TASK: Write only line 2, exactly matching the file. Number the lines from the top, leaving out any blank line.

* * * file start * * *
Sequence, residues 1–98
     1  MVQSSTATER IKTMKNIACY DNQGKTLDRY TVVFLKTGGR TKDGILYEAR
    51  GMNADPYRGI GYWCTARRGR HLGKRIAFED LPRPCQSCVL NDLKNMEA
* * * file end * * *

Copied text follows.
     1  MVQSSTATER IKTMKNIACY DNQGKTLDRY TVVFLKTGGR TKDGILYEAR